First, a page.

As 2020 draws to a close, a loud sigh will be heard around the world. But the daunting battle against the COVID-19 pandemic remains. It is as widespread and deadly as ever, a situation unimaginable on New Year’s Eve last year, when China first informed the World Health Organization about a “pneumonia of unknown cause” spreading in Wuhan.
The Johns Hopkins University tally, so far, has counted more than 76 million cases and some 1.7 million deaths around the planet. Just-released vaccines finally signal an end, but not soon enough to prevent many more COVID-19 deaths.
Harder to quantify but no less astronomical is the physical and emotional toll. Medical workers have toiled with little or no rest, oftentimes lacking supplies and protective wear. No less exhausted are other essential workers whose service requires person-to-person contact. And growing ever direr is the financial woe of those who have lost their jobs and businesses because of forced closures and absent customers.
The scars in the hearts of innumerable people who have lost their loved ones to the disease will not fade easily. Those who were not even allowed to say goodbye to their parents, spouses and friends dying alone in hospital rooms or nursing homes will struggle to overcome the heartbreaking void.
Of course, the pain and fear of coronavirus patients is foremost. A BBC report from India, which is second to the United States in cases, gives a vivid description of the long-term symptoms of COVID-19 as well as the doctors’ despair and frustration. The Dec. 12 report describes the situation in Rohtak, some 90 kilometers from the capital, New Delhi:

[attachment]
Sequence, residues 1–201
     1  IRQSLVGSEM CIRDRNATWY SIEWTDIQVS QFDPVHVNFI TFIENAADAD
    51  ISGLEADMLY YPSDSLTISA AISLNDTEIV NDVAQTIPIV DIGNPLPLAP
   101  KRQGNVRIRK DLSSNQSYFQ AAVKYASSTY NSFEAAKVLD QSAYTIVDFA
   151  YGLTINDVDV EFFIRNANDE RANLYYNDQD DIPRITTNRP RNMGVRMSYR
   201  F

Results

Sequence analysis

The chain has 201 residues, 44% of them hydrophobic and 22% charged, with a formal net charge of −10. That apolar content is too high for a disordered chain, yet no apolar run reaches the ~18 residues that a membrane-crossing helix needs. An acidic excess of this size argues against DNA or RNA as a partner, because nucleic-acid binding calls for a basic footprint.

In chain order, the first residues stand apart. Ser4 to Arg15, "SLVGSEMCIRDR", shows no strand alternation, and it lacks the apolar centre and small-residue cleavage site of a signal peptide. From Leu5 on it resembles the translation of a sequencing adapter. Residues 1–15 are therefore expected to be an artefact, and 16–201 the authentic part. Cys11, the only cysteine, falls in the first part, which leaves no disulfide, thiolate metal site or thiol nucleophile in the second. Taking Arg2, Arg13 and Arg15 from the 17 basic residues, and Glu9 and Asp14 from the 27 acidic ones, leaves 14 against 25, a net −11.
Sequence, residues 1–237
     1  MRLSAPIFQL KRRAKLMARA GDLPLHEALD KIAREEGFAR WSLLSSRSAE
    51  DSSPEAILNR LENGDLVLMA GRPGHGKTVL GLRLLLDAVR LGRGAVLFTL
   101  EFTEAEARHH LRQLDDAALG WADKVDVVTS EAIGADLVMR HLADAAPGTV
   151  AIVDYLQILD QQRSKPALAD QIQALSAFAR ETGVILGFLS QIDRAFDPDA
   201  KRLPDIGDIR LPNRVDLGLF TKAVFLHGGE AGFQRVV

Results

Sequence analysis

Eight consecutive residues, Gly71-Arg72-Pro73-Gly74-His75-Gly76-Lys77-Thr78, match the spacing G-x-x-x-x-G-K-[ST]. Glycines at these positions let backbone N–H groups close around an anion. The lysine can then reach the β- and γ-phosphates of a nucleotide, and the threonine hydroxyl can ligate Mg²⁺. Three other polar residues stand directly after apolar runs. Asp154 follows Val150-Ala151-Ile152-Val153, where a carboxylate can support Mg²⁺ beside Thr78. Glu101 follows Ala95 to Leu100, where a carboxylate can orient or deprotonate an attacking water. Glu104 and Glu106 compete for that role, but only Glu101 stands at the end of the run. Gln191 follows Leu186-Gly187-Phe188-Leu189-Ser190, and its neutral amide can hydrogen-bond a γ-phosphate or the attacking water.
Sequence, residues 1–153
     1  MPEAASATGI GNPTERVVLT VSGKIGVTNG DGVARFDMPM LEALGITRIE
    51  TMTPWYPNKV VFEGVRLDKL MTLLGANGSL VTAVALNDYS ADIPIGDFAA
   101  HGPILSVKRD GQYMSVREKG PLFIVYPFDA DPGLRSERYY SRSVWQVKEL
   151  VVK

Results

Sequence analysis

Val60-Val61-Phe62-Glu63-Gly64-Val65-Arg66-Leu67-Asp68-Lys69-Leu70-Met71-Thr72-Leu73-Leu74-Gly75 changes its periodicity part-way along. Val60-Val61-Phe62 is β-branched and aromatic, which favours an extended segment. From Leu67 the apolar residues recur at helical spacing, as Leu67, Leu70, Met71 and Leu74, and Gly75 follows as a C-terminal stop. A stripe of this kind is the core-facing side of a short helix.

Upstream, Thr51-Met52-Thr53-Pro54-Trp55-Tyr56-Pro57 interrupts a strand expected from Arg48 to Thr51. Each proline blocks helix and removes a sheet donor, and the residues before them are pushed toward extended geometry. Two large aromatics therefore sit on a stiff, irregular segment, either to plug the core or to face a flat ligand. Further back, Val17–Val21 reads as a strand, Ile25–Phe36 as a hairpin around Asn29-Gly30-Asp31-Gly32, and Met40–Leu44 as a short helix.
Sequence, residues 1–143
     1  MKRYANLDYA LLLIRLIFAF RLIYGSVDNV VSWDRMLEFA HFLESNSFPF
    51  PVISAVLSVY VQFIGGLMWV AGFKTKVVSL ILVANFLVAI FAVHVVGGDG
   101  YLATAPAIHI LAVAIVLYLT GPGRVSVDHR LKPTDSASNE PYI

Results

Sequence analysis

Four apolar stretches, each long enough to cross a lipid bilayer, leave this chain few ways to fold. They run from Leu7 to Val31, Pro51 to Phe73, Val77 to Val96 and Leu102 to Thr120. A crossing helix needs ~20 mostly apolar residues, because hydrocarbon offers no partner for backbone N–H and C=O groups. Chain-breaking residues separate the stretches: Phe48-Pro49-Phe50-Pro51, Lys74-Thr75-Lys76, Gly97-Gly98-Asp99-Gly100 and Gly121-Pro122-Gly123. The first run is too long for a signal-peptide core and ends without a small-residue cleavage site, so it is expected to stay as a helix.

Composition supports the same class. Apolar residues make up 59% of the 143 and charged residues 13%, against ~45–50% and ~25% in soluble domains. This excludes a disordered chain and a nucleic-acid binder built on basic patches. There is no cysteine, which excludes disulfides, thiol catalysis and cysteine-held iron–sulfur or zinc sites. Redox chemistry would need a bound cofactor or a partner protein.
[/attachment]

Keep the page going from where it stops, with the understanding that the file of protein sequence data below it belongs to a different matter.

“The woman had recovered from a severe bout of the infection after spending a month in critical care in summer and returned home, on oxygen. A month later, she was readmitted. She was suffering from lung fibrosis, an irreversible effect of COVID-19, where fragile parts of the lungs become damaged even after the infection is gone.
“During her second spell in critical care, which lasted three months, she wrote a series of notes to her doctor. ‘I don’t want to live. Take me off the tubes.’ ‘You shouldn’t have saved me when I had COVID in summer.’ The patient died soon after, despite all efforts to save her.
“More than 1,400 kilometers away, in Mumbai,” the report continues, “a patient, a young man and sole family breadwinner, had a stroke, days before he was expected to go home after recovering from COVID-19. He was paralyzed for two weeks before he died. The cause: a blood clot in the lungs, called pulmonary embolism which can happen in some coronavirus patients.
“Here was a young man, responding to all medication, recovering steadily, beating the virus and getting ready to return to his family. And then, out of the blue, there was a setback and all was lost.”
Here in South Korea, relative success in containing the virus has been eclipsed by a large, unforgiving wave of infections. As the daily cases surpass 1,000, people’s concerns over insufficient hospital capacity are rising. Some of the infected have died in their homes while waiting for hospital admission.